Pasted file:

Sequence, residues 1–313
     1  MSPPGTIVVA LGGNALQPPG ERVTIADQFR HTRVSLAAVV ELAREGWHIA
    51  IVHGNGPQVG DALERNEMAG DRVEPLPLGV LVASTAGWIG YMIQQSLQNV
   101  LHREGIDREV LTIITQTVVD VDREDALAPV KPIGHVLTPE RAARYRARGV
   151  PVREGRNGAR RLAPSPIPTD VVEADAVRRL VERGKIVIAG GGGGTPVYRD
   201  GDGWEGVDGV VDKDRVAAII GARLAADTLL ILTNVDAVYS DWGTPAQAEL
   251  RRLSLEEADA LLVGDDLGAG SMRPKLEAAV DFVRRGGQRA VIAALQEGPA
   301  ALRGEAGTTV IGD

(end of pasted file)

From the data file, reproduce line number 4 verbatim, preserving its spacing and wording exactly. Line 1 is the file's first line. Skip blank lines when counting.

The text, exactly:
   101  LHREGIDREV LTIITQTVVD VDREDALAPV KPIGHVLTPE RAARYRARGV